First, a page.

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Forty Years With Tigers

A tiger in tall grass

Tiger at night, caught in a camera trap in Nepal. Photo credit: David Smith.

Few tiger biologists venture into dens to photograph and collect data on cubs. But University of Minnesota tiger researcher David Smith has done it twice, once with the mother just 200 yards away.

Using radio and GPS collars, Smith has tracked tigers for 40 years with one goal in mind: to achieve larger and more secure tiger populations by keeping their prey abundant and their habitat connected rather than patchy. This matters because top predators are critical to ecosystem health.

So are Smith’s graduate students. Most come from Nepal, Thailand, Bangladesh, Cambodia, China, Taiwan or the Philippines. Degrees completed, they return home and mobilize local people for conservation efforts.

“Two students focused on enlisting local people in collaborative conservation,” notes Smith, a professor in the Department of Fisheries, Wildlife and Conservation Biology. “Without the support of local communities, no amount of patrolling could prevent tiger poaching.”

Private Lives of the World's Largest Cats

Smith’s research has revealed aspects of tigers’ largely solitary lives that figure heavily in management decisions.

In Nepal and Thailand, he and his colleagues found that a mother feeds her cubs for 18 to 24 months. When a new litter arrives, she must keep near the den at first, giving females from adjacent territories an opening to move in on her turf.

However, “for the next two months the nearly grown offspring of the previous litter begin to hunt on their own in the security of their mother’s territory, and their presence helps secure her territory while she is confined,” Smith explains.

While females can have several litters in a lifetime, data from Nepal showed that a male’s reproductive life lasts only 2.7 or 2.8 years.

“But for a few longer-lived males, the polygamous mating system results in a big payoff,” says Smith. “One male’s territory encompassed seven females, and over eight years he had 53 young, 29 of whom survived to disperse. And of 20 males, three accounted for 57 percent of the offspring that lived to disperse.”


Sambar, the key prey species of tigers in South and Southeast Asia.


Thai government researchers
Thai government researchers Saksit and Achara Simcharoen outfit a tiger with a GPS collar at night.


Guar, the largest bovid species
Guar, the largest bovid species, is an important prey species for the tiger.

Photo credit: David Smith.

What Do Tigers Need?

Tigers live in diverse habitats from the Far East of Russia to the tropical forests of South and Southeast Asia. They need only two things: large spaces and abundant large prey.

In Thailand, Pornkamol Jornburom, who received her Ph.D. from the University in December 2016, mapped the distribution of tigers’ chief prey in an area more than twice the size of Yellowstone National Park.

“My study showed that tigers really depend on three species—gaur and banteng (wild cattle), and sambar (large deer),” she says. “Tigers’ distribution most closely resembles the distribution of sambar.”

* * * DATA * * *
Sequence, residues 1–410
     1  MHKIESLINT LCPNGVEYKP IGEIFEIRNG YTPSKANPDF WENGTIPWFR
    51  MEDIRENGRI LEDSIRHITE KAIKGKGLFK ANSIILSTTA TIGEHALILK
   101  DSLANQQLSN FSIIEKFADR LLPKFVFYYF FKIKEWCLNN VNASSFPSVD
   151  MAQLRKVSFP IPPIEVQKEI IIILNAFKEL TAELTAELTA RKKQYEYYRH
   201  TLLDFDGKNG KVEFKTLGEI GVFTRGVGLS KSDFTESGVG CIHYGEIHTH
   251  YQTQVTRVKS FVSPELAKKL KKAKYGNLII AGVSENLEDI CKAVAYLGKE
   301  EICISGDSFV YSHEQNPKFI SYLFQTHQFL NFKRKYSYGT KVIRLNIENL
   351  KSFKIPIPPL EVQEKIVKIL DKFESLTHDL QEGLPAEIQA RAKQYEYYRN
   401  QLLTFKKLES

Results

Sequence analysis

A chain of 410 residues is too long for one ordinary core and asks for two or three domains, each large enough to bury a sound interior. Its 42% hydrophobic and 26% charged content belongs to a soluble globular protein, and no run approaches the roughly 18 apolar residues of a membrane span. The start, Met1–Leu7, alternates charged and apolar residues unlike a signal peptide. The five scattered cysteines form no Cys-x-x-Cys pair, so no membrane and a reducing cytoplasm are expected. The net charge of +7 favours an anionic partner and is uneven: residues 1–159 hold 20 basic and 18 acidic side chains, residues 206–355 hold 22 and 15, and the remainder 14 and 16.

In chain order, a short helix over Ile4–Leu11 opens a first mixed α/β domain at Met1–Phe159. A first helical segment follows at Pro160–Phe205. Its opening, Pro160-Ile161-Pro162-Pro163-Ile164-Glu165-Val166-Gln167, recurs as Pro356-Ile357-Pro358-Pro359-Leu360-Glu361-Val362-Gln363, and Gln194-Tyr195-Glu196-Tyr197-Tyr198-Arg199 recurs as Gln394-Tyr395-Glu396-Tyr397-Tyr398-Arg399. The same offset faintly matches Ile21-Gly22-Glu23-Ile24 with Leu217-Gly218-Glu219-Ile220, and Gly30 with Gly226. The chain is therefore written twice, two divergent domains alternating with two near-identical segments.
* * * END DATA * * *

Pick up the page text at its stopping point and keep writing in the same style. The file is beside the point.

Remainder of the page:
Smith’s Thai colleagues Achara and Saksit Simcharoen identified ecological factors affecting tiger and sambar distribution. Based on their data, the Thai government now manages tigers at the scale of “forest complexes”—connected groups of protected areas that let tigers move more freely across large landscapes. If poaching or disease strikes in one area, tigers from other areas can move in and help the population recover.

Save the Tiger—and the People

Tiger populations in Asia have been disappearing, but some are healthy, thanks in part to community forests managed by local people. In Nepal, Smith’s former student Bhim Gurung organized “village rangers” to report livestock kills or sighting of tiger tracks or scat in community forests outside of reserves. By showing where tigers are active, this helps managers maintain habitat connectivity between national parks in Nepal.

But as the growth of community forests brings more tigers, attacks on people increase. In one area of Nepal, deaths from tiger attacks have risen seven fold, with women the majority of victims. Samantha Helle, a former student of Smith’s, plans to work with women’s groups in Nepal to reduce future human-tiger conflict.

Although poaching of tigers and their prey still goes on, Smith sees hope. Simcharoen works in the core of Thailand’s healthiest tiger population: a World Heritage Site established in 1992. To help support Simcharoen’s research last year, former undergraduate student Emily Erhart established a tax-exempt organization, Project Conservation, to raise funds for tiger conservation in Thailand and Nepal.

Currently, Smith, the Simcharoens and two geographers, Sean Ahearn from Hunter College and Somayeh Dodge, a recently hired U of M faculty member in the Department of Geography, have teamed up to model tiger movement in the World Heritage Site.

“By modeling tiger ecology and behavior, we’re exploring strategies to make sure the species survives,” Smith says.

Deane Morrison

Deane Morrison

Deane is a writer and editor for University Relations. She also writes the Minnesota Starwatch column for the Minnesota Institute for Astrophysics.

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